Alaska has seen a years-long streak of astonishing warmth, with the warmest year-to-date and warmest June capping it off so far this year.
On Wednesday, Deadhorse, Alaska, which is located on the Arctic coast in northern Alaska near the oil port of Prudhoe Bay, reached 85 degrees Fahrenheit, or nearly 29.4 degrees Celsius.
This was the mildest high temperature on record at this location, beating the old record of 83 degrees Fahrenheit.
According to climatologist Brian Brettschneider, this was also the mildest temperature on record in Alaska for anywhere within 50 miles of the Arctic Ocean.
On the same day, the high temperature at New York’s Kennedy International Airport was 82 degrees Fahrenheit (though the weather station at Central Park hit exactly 85 degrees).
The record high in Deadhorse was not the only record set during the past week, the past several months, or even the past few years.
From January to June of this year, the statewide average temperature was 30.4 degrees Fahrenheit, which was 9 degrees above average. This beat the previous record by 2.5 degrees Fahrenheit, an unusually large margin for such a record to be broken by.
During the winter, Thoman said, there have been more freezing rain events in Fairbanks and Anchorage, and fewer snow events. Following a mild spring and early snowmelt in 2015, the wildfire season was extreme. However, despite the mild weather this spring, Thoman said, this summer is not expected to be as significant a wildfire season as last year was.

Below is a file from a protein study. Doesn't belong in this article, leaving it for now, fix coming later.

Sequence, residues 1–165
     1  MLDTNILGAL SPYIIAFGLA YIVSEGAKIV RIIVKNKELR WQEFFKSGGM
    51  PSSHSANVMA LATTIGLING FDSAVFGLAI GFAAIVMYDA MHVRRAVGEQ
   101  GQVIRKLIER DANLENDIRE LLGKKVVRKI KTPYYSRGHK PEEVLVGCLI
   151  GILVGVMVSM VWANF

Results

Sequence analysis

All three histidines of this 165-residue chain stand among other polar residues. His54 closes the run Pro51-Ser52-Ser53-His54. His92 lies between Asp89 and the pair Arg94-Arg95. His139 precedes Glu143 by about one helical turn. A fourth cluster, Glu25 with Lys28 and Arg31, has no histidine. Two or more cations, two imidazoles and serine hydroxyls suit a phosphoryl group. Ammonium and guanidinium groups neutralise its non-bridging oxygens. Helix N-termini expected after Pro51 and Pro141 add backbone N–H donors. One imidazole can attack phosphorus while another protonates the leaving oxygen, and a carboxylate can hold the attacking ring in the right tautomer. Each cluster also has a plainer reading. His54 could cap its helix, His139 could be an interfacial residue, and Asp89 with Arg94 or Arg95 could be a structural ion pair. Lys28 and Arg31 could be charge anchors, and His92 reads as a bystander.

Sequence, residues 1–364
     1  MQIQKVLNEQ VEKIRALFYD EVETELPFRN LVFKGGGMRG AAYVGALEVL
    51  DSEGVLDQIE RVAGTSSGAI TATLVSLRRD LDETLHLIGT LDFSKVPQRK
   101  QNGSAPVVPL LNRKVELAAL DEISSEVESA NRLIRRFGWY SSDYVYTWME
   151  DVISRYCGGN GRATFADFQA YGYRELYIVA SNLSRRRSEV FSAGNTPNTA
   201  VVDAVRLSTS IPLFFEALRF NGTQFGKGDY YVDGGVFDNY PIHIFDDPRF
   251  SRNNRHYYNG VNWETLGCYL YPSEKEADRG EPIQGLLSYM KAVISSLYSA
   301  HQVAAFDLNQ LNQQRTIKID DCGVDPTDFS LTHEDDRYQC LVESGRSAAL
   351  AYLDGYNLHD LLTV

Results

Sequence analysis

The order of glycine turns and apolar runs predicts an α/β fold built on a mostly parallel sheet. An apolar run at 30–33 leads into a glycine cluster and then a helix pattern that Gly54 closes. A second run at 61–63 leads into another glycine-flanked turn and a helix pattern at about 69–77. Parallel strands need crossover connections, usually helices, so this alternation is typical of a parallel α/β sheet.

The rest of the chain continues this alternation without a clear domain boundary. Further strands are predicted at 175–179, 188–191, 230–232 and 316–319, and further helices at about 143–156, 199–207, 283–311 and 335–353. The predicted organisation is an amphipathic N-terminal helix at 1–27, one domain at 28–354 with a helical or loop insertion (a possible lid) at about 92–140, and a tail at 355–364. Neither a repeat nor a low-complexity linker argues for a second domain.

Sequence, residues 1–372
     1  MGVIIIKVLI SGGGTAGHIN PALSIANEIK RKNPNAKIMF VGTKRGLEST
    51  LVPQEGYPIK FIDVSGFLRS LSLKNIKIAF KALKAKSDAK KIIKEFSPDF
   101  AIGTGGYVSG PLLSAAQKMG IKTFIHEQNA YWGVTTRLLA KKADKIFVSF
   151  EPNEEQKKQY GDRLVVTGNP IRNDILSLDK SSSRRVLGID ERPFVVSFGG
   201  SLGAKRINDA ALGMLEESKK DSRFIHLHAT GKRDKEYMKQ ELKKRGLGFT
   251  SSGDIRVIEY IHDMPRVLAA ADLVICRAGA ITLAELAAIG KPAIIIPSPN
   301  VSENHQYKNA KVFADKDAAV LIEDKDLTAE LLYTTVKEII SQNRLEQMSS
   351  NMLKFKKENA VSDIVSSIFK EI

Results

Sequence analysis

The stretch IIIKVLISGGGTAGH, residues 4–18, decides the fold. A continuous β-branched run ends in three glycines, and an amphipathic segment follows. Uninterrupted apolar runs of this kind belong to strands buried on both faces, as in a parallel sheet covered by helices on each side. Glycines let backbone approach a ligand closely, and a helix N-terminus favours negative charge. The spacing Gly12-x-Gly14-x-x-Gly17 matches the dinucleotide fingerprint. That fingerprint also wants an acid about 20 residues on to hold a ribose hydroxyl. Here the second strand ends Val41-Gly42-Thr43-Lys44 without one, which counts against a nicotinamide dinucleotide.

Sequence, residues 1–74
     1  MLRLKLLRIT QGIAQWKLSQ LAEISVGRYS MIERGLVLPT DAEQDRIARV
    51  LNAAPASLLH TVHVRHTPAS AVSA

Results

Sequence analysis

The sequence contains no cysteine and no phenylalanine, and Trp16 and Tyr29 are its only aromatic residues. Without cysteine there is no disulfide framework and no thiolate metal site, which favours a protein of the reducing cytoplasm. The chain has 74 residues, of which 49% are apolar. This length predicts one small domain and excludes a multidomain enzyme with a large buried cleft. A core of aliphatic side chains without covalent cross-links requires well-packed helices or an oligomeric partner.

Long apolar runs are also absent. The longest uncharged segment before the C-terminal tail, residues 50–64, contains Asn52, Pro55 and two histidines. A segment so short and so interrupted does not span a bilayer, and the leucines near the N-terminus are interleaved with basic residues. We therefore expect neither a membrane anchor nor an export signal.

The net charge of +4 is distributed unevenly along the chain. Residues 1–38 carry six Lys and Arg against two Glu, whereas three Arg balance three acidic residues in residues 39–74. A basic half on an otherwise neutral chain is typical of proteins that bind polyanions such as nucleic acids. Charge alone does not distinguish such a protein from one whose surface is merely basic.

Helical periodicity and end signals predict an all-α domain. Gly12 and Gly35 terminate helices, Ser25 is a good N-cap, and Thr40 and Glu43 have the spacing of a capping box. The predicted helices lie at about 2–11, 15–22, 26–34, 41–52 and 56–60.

Thoman said the impacts of the mild weather have been widespread, from low “or non-existent” sea ice this past winter in coastal southwest Alaska — which hurt the ability of traditional communities to hunt for food — to worsening frost heaves on roadways across the state.
Some of the unusually mild conditions in Alaska can be blamed on a ridge of high pressure and area of mild ocean temperatures in the northeast Pacific, which many meteorologists nicknamed “The Blob.” That area of mild waters has dissipated, but it has been replaced with weather patterns and oceanic conditions that still favor mild temperature anomalies in Alaska, Thoman said.
The warmth is also connected to manmade climate change, considering that the Arctic as a whole has been warming at about twice the rate of the rest of the world, due to feedback loops that amplify the warming influence from greenhouse gases.